Today, the United States is responsible for 90% of global marijuana sales, but that number is expected to drop to 57% by 2021 according to new research from Brightfield Group, a market research firm focused on the legal cannabis industry.
In its report, Canada and International Cannabis Markets, Brightfield’s researchers discovered that despite growth trends in international marijuana markets (12 countries are expected to have viable medical marijuana markets by 2021 and six are expected to have viable recreational markets by then), the United States will continue to dominate global marijuana sales in the future.
The global cannabis market will reach $7.7 billion in 2017 with the United States accounting for $7 billion of that sum. Of the remaining $700,000, Canada makes up $600,000 of it. By 2021, the market will soar to $31.4 billion, and together, the United States and Canada will make up 86% of global sales. The European market, which will be dominated by Germany, the Netherlands, Spain, and Switzerland, will account for 12% of the global market in 2021 leaving just 2% to the rest of the world.
The Brightfield Group predicts that more countries will legalize marijuana exports in the coming years creating a truly global medical marijuana market. However, despite growth trends, there are negatives that businesses and investors need to understand before venturing into international marijuana markets.
I spoke with Bethany Gomez, Director of Research for Brightfield Group, to learn more about the barriers international investors should understand. Here’s what she had to say:
Cannabiz Media: What are the key differences between the U.S. marijuana market and international marijuana markets, particularly Canada? What are the biggest barriers for businesses that want to enter the marijuana industry in countries other than the U.S.?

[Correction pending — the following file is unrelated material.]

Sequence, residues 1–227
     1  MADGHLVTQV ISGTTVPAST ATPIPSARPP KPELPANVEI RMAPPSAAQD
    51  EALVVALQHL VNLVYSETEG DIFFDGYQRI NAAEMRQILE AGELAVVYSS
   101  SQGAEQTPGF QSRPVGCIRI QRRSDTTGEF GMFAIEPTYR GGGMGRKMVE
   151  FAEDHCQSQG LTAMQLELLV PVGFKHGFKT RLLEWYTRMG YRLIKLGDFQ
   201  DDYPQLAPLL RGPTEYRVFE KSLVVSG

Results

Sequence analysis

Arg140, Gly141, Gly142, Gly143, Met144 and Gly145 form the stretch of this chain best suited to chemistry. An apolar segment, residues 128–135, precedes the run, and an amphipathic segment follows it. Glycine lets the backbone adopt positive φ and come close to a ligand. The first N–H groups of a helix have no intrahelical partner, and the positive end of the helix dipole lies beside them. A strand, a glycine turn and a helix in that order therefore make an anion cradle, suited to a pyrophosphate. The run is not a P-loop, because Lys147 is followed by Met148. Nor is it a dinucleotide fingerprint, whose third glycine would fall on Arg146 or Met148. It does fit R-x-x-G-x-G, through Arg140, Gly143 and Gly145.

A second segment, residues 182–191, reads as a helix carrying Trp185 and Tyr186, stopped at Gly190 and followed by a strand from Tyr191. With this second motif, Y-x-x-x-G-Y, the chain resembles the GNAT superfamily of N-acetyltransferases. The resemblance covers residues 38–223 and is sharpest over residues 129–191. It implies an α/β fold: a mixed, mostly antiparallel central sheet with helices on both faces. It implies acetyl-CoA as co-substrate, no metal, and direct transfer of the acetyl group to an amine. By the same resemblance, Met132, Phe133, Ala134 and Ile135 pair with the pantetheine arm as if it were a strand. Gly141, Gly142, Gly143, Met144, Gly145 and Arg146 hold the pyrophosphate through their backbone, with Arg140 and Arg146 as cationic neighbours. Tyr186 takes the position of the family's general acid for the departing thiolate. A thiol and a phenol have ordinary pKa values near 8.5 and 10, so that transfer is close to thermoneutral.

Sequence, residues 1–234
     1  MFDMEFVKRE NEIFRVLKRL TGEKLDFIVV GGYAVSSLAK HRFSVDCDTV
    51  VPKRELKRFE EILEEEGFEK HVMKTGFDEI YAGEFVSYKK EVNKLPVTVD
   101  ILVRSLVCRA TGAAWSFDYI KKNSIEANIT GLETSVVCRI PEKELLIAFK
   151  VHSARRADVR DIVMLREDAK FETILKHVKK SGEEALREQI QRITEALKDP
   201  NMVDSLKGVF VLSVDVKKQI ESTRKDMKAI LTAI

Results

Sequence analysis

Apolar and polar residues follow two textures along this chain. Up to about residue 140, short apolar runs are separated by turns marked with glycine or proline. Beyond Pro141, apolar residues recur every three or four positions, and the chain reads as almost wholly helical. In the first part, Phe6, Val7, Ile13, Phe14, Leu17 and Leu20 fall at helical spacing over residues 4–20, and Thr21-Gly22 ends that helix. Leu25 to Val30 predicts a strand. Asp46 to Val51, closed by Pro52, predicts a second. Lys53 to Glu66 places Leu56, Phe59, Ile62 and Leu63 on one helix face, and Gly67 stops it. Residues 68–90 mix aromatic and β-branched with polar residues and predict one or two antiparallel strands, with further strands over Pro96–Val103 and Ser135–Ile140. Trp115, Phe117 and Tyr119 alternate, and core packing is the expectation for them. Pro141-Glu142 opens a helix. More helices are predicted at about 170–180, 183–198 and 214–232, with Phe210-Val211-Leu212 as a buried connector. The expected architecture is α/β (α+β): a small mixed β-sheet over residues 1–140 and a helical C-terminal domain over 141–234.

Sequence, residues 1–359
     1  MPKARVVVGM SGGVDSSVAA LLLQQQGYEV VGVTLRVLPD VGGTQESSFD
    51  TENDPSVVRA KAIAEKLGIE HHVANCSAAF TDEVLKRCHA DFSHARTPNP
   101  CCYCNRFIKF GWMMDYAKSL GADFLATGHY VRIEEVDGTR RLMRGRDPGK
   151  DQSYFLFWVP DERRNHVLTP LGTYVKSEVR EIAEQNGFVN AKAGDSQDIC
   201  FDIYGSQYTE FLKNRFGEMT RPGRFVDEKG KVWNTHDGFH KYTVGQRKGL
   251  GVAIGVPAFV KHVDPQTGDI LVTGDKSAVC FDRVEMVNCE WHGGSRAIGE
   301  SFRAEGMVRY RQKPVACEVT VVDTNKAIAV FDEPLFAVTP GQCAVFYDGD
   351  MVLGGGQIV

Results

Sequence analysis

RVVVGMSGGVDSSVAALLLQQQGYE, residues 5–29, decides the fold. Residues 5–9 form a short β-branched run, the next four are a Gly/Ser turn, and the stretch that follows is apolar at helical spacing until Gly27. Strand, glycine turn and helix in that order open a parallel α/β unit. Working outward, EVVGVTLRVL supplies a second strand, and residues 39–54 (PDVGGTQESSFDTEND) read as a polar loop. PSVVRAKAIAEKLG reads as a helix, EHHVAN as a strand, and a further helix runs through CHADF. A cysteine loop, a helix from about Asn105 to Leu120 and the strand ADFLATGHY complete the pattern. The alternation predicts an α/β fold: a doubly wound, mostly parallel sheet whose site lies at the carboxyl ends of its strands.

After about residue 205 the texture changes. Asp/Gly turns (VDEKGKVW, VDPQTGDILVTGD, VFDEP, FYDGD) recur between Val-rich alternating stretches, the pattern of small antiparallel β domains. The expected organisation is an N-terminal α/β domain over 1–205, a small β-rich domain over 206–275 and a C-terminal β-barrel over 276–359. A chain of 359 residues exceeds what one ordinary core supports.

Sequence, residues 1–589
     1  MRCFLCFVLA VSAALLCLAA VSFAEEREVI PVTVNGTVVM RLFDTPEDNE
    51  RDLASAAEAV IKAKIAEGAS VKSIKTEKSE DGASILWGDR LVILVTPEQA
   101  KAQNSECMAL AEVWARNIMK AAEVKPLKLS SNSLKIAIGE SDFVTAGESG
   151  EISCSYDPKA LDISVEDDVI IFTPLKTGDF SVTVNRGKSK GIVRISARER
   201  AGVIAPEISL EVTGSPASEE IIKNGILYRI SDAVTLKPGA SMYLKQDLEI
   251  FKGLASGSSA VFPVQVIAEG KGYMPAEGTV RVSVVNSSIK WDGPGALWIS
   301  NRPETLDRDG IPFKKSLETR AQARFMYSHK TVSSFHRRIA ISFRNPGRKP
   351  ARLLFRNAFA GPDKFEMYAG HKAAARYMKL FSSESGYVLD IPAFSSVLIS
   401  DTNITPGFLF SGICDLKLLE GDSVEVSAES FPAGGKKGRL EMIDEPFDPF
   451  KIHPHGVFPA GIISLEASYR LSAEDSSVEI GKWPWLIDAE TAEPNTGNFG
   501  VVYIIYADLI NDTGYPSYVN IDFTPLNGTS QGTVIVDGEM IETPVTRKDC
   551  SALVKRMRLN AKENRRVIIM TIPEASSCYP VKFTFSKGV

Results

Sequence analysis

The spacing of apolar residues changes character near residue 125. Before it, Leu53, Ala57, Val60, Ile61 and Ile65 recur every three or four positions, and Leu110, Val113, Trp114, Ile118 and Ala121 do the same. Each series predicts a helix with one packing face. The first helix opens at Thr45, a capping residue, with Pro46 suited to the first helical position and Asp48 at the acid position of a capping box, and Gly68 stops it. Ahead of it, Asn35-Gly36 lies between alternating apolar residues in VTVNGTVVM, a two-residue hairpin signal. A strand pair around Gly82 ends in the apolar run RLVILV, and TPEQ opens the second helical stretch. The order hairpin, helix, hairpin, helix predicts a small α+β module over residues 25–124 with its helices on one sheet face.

Bethany Gomez: The biggest differences are that outside of the U.S., product types are extremely limited, and outside of North America, patient and other user access is much more limited. Edibles are nearly nonexistent outside of the U.S., and oils, tinctures and CBD dominant products are much more common (whereas in the U.S. they make up only a small percentage of the overall market). In Canada, the recreational market will not allow for edibles until 2019, and while international markets are opening up medical programs, acceptance of edibles is rare, which is certainly a barrier to entry for companies with this focus in the immediate term.
In Canada, in particular, a large difference is the level of consolidation of the market and the resources now behind the largest companies. There are more than 1,400 brands of cannabis products in the U.S., and the vast majority of brands are still relatively small in scale. In Canada, there are only 73 LPs (though more are being approved at a rapid clip), and many of those are owned by the same company. With limited product differentiation in the immediate term (with only flower and oils permitted) and limited channels for distribution, it will be challenging to compete with the larger players.
Cannabiz Media: For investors who want to invest in international marijuana companies, what are the key factors they should understand before they make a decision?
Bethany Gomez: It’s important to have realistic expectations for the growth potential of the markets these companies are playing in and to be cognizant of how changes in the regulatory structures in those countries would affect the entrance of other businesses into the market.